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Etched Glass: A Cut Above the Rest

See how this do-it-yourself craft has evolved through the ages—plus get new ideas to elevate your basic glass pieces.

The editors of our October 1936 issue celebrated the elegance and luxury of etched glass, and over the past eighty years it's become a timeless feature of home decor. In a piece called "Highlights on Glassware," they have this to say about its dramatic effect: "Second only to diamond in its power to sparkle, when cut and polished in designs that break up the light rays, glass seems almost alive, and nothing adds quite as much to the beauty of our dinner tables." Whether it's used on light fixtures, furniture, glassware, or other pieces, etching lends a bit of glam and vintage charm. Here, we take a look at how this embellishment technique has evolved through the ages—and see which styles translate to home decor today.

Better Homes & Gardens October 1936 Issue

Warm, Cozy Lighting

Good lighting seemed to be a core concern of people in the '30s—and this is when we first see etched glass introduced in the magazine. In a story called "Light for the House" from the April 1935 issue, our editors report: "One of the guiding principles of the country's leading illuminating engineers is that no source of light should be directly visible." To create softer light that's calming and cozy, homeowners tried to simulate natural daylight by concealing bulbs beneath fixtures. To achieve this golden glow—the kind that "prevails on a day when the sun is slightly obscured and we can see clearly and steadily without any feeling of eye strain such as is experienced in strong sunlight." Light fixtures were etched and soon became household items.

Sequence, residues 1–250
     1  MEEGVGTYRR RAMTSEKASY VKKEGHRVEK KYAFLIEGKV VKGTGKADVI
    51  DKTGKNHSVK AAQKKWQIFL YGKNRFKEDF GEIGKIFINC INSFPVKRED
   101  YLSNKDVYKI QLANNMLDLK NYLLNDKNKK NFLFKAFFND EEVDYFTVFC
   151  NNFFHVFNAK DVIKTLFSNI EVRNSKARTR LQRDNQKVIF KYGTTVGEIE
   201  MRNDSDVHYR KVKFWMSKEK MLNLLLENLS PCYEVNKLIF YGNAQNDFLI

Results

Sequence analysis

Better Homes & Gardens April 1935 Issue

Pretty Glassware to Celebrate

Despite its delicate, fine lines and sometimes lacy patterns, etched glass is more durable than its cousin deeper-grooved cut glass, making it a wonderful choice for fancy but practical ware. Perfect for creating elegant tablescapes, etched glass fits right in at big holiday gatherings and romantic anniversary dinners alike. Our editors remind us to not underestimate the dramatic effect new glassware can provide: "Each glassware pattern has its own personality. . . . Remember: what new accessories do for your wardrobe, a new set of crystal can do for your table" ("A Glossary of Glassware," April 1968). And when paired with simpler dishware and centerpieces, it can even work for everyday use.

Better Homes & Gardens April 1968 Issue

Customized Furniture and Decor

In the '20s and '30s, etched-glass patterns were a popular addition to consoles and buffets. By the '60s and '70s, etched glass could be seen on a variety of furniture and home decor pieces, including end tables, windows, coffee tables, and more. Above, a Howard Miller Clock Co. pendulum desk clock from our November 1979 issue, which may have been best-suited for an office, is a living room staple with etched glass panels and a brass finish. A couple modern uses of etched glass in the home include a bar cart with a leafy motif and an etched-glass door, which provides a little more privacy without losing the light.

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Make It Your Own

Our November 2017 issue features a few modern ideas for etching. Bargain finds get an inexpensive makeover with geometric patterns, a Southwestern motif, and a pretty leaf pattern, elevating the humble glass vase, bowl, or tray. But with the stencils available today, the possibilities are endless: revamp a plain set of rocks glasses; elevate a simple wall mirror; or, if you're feeling very ambitious, you can even score a pretty sink. Just be sure to follow the advice of our past editors, who suggest you look for "quality and style that are harmonious with your home, your mode of living, and your other furnishings" ("What Do You Know About Glass?" January 1947).

If you have 20 minutes, you can etch your own glass. The process is covered in the November issue, but the basic steps are really simple: apply a stencil to your clean glass surface, paint on a thick layer of etching cream, wait 10 minutes, and then rinse and dry. What's old becomes new almost instantly. Whether you've opted for a traditional floral design or a modern geometric one, you're sure to find that etching a piece is a simple way to achieve understated elegance with a personal touch.

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